The next Queen stage?

Riding Lands End Road is worth the challenge

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Riding a road bike on the dirt seems crazy to most people, but I love it. And with the inclusion of the dirt road up Cottonwood Pass in the 2011 edition of the USA Pro Cycling Challenge, we now have a greater scope of route possibilities for the 2012 stop in Grand Junction.

Full disclosure: Grand Junction has not officially been awarded a stage, but I am relatively certain we will get one. Too many people are working too hard for it not to happen.

It was with this in mind that I decided to ride up Lands End Road with Tim Sewell and Todd Hegstrom to see if it would be an appropriate stage for next year.

We drove to Palisade and began what we thought would be about a 41⁄2-hour journey.

Our route took us from Palisade to East Orchard Mesa, south to Whitewater and then up Lands End Road to the top of Grand Mesa.

We left Palisade and crossed the Colorado River. We were immediately hit with a steep climb as we rode toward East Orchard Mesa.

I have ridden this part of the route many times, but I am always struck by the beauty and diversity of our valley. We zigged and zagged through the farmlands and passed orchards, vineyards and rows and rows of corn.

At Reeder Mesa Road in Whitewater we turned left and began our initial assault on the mesa.

Our ride had just started, but the wind began to blow and the skies to darken. The clouds on the mesa had a dark, ominous look. I’m not sure if I am optimistic or obtuse, but I was confident that we would be OK.

Reeder Mesa Road is the start of the Mad Cow Classic road race every spring, hosted by the Colorado Mesa cycling team.

Our initial climb began after five miles on Reeder Mesa Road. It climbs at a steep pitch and takes you from the scrub desert of Whitewater to the green pastures on Reeder Mesa. It is remarkable how much different the fauna is with just a change of 500 feet in elevation.

After nine miles, Reeder Mesa Road ends at Lands End Road and the climbing begins in earnest.

The road is paved for about the first three miles and climbs at a steady pace. We crossed a cattle guard and the road turned to dirt.

A small sign indicated that we had 30 miles until we reached Colorado Highway 65. This was a concern because we quickly realized that the ride was going to be about 20 miles longer than we anticipated.

However, our moods were lifted because the clouds had begun to dissipate and the temperature was mild; perfect riding weather.

The BLM must have done some work to the road, because the dirt was reasonably smooth and looked as though mag-chloride had been applied.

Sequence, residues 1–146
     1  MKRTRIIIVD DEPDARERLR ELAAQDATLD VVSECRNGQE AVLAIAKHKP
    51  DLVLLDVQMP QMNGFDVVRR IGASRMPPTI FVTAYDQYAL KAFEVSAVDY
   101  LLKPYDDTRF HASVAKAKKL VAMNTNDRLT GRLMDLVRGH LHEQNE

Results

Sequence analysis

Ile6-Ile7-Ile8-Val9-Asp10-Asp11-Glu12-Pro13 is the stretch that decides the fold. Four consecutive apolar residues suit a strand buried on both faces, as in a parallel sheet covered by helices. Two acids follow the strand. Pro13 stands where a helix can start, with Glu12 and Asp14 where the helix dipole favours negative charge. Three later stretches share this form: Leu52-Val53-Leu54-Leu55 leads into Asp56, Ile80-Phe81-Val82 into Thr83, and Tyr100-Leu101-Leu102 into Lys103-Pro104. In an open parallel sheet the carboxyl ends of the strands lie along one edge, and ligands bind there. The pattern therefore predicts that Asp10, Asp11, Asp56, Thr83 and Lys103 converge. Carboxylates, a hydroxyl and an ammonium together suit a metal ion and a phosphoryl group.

The climb up Lands End Road gives a clear perspective of how massive Grand Mesa really is. The road snakes its way through scrub oak, aspen canopies and lava fields.

We periodically stopped to marvel at the view of the desert below and the clearly delineated green demarcation of the city.

We climbed and climbed, and still the summit seemed to be far in the distance. After eight miles the road began to get rough, narrow and steep. I found my legs starting to ache as I slogged up the climb and wished I had another gear.

We were now in lava fields and large pine trees. The summit was close and my legs were starting to feel better. When I am approaching the top of a climb I always seem to find a second wind.

We were all nearly out of water and still had at least an hour of riding to Mesa Lakes Resort. Luckily, about a mile before the top, we spotted a conveniently placed pipe near the road.

Cool, fresh, mountain spring water was channeled into the pipe. We gratefully filled our bottles and washed the grime from our faces.

We remounted our bikes and rode the last mile to the top.

Epic and awesome might be two of the most overused superlatives in the English language, but these two words aptly describe the views from Lands End.

You truly get a sense of the mountain as a large table. It flattens out with grasslands, streams, waterfalls and a long cliff bend. I was distinctly reminded of Table Mountain in South Africa.

The road on the top is paved for about five miles as it heads east and hugs the edge of the mesa. The views are spectacular in every direction.

Unfortunately, the road quickly turns to dirt again; and even worse, continues to climb. It is smooth gravel, and steadily climbs to the highway.

After 7,000 feet of climbing on 20-plus miles of dirt roads, we finally hit Highway 65 and turned left toward Powderhorn. We were grateful to be done climbing and the dirt.

We briefly stopped at the Mesa Lakes Resort and then enjoyed the 20-mile descent to Interstate 70. The road is smooth and fast; an apt reward for the three hours of suffering on the climb.

No ride is complete without a strong headwind at the end, and Sunday was no exception. We had been on the bikes for more than five hours and my legs, shoulders, back and lungs were all aching. At this point we just wanted to get back to the cars and off the bikes.

The entire route was 89.5 miles, taking 5 hours, 45 minutes.

It was one of the most amazing rides I have done in years and has the potential to be the ‘Queen’ stage of the 2012 USA Pro Cycling Challenge. I can’t wait to ride it again.

Good riding!

Email Scott Mercier at .(JavaScript must be enabled to view this email address).



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